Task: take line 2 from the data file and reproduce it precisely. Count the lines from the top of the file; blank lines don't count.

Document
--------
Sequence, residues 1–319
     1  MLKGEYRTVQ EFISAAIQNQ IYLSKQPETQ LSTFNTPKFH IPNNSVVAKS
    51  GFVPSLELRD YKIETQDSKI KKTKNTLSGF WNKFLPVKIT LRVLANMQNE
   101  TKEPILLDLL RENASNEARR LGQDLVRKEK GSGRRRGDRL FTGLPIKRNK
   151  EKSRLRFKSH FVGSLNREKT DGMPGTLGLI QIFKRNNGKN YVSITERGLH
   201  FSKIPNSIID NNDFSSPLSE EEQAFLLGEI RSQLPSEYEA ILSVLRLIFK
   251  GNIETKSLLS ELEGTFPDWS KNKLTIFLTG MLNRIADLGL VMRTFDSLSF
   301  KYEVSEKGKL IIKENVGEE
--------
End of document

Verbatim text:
     1  MLKGEYRTVQ EFISAAIQNQ IYLSKQPETQ LSTFNTPKFH IPNNSVVAKS